BT: Warm-up about 15-20 minutes. Then go to a short but steep (6-8% grade) hill. An indoor trainer may also be used. Set it so that the rearwheel resistance is very high. At the bottom of the hill come to an almost complete stop. Select a high gear such as 53x16 or 50x14. Then climb the hill 3-5 times taking only 8-12 revolutions of the cranks (count one leg only). STAY IN THE SADDLE. Your cadence will be quite low and you will have to apply a lot of force to the pedals. Effort must be maximal on each reps to get the benefit. Recover after each by riding very easily for about 3 minutes before doing the next rep. Heart rate is not observed. Power is the perfect gauge of how hard you are driving the pedals. Cool down for the remainder of the scheduled time. (NOTE: This workout is both high reward and high risk. Do not do it if you have a tendency for knee soreness. Instead ride in heart rate zone 2 or power zone 3 for 20 minutes after the warm-up and before the cool down. Or if during the force reps workout you sense knee soreness, stop the hill reps and do a long cool down.)

Sample Day 4
ME2. Long at T-Pace 1900.

You may substitute a similar masters swim session for this workout.

WU: 100 swim, 50 drill (your choice), 100 swim easy, 50 drill.
MS: 4 x (200 at T-pace/anaerobic threshold, 50 swim easy.
300 swim easy.
8 x 25 focused on your PDLC limiter (20-30sec rest between)
100 swim good form.

Sample Day 4
SS1. 5 Basic Strides 45min RPE.

(This is best outdoors but may be done on a treadmill). Warm up for about 20 minutes. Then run 5x20 seconds fast on a soft, gentle downhill (such as on grass in a park or other soft surface). Run at approximately 400m race pace (RPE 9, or about pace zone 5b)--not quite all-out speed. Focus on run technique as discussed and shown in the drawings in Chapter 12 of The Triathlete’s Training Bible 4th edition. Hold back a little on each 20-second stride. You’re working on technique—not speed. Stay relaxed on each stride. Walk (yes, "walk") back to start point for each recovery. Run easily to cool down to complete the planned workout duration.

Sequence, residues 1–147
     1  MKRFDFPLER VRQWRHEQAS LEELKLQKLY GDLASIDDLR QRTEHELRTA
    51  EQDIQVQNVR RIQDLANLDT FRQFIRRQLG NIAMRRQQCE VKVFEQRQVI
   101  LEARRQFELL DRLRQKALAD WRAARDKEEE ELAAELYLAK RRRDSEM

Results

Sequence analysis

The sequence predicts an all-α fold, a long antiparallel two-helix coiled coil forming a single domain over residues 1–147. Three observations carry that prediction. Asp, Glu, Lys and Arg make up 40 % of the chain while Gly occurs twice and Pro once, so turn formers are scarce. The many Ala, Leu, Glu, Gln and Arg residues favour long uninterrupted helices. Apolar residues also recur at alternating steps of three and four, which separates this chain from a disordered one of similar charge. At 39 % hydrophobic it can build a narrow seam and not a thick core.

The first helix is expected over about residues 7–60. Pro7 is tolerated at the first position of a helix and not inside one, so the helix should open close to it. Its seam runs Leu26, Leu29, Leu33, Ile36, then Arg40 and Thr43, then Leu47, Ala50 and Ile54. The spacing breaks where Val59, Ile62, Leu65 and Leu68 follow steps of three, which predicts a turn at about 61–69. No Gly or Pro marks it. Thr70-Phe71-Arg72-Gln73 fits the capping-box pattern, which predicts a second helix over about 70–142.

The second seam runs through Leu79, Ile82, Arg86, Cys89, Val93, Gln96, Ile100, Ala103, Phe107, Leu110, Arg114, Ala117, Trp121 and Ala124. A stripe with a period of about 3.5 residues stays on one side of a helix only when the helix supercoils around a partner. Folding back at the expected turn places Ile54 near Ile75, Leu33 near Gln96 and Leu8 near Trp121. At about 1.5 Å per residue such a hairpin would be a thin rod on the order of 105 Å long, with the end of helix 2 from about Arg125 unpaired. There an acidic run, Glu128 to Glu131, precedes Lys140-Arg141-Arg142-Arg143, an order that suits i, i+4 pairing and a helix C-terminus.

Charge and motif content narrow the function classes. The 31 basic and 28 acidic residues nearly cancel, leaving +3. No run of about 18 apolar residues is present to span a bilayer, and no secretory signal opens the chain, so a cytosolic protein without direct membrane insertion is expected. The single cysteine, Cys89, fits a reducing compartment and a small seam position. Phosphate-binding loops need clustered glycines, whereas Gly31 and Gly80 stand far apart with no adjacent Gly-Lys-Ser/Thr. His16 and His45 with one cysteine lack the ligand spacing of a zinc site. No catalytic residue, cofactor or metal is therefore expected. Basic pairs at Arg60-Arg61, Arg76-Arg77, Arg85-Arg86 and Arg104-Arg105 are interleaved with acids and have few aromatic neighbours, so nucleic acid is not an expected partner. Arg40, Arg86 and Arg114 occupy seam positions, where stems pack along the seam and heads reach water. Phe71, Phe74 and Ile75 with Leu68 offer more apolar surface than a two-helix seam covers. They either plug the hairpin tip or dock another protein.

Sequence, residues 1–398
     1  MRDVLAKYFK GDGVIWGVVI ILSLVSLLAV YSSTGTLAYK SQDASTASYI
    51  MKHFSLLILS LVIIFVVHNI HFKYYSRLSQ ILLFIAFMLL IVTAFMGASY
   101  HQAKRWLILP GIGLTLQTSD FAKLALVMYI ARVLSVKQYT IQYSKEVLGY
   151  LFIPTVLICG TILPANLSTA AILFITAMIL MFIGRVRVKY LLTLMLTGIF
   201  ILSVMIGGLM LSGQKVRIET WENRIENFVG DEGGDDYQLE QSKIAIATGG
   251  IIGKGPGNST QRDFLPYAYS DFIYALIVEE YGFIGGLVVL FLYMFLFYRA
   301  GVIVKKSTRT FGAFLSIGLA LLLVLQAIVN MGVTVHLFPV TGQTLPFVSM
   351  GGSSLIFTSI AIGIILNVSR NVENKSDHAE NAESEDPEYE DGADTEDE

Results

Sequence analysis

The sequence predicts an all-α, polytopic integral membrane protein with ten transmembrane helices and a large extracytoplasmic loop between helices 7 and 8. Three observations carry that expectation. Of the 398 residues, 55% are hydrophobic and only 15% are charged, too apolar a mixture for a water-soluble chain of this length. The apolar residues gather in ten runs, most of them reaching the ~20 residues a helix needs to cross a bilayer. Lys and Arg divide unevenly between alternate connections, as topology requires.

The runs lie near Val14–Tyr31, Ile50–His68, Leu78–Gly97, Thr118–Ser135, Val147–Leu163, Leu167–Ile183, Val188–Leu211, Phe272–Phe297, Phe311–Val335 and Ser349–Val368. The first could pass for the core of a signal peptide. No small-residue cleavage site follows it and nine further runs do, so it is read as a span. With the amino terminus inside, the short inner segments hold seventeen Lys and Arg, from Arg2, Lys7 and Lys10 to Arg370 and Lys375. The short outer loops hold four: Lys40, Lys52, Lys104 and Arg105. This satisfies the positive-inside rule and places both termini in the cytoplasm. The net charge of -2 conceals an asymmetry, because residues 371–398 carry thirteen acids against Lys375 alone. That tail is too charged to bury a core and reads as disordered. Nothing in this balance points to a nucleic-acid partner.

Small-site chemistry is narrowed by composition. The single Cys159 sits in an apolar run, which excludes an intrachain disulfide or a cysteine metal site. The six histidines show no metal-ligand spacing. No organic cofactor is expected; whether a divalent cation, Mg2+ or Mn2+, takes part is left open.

Sample Day 5
AE1. Recovery Spin 1h power..

Very easy recovery spin on a mostly flat course (or on indoor trainer) in small chain ring. Power in zone 1. Light on the pedals. Comfortably high rpm focusing on pedaling skills.

Sample Day 6
ME1. Long, Variably Paced 2300.

Long, Variably Paced.
You may substitute a similar masters swim session for this workout.

WU: 4 x 100 done as 25 easy swim, 25 R. arm, 25 easy swim, 25 L. arm,
MS: 1500 continuous swim alternating T-time (threshold effort) 50s with easy-pace 50s.
12 x 25 with focus on form (20-30sec rest between)
100 swim good form.

Joe Friel
Joe Friel Coaching

An endurance coach since 1980 Joe Friel has worked with triathletes, cyclists, and runners around the globe. He trains coaches and assists various national federations and national Olympic team staff. He also consults with professional athletes and sports-related businesses. Coach Friel occasionally offers personal camps and seminars for clubs and teams. He has authored 16 books on training including the best-selling Training Bible series. He is currently not accepting coaching clients.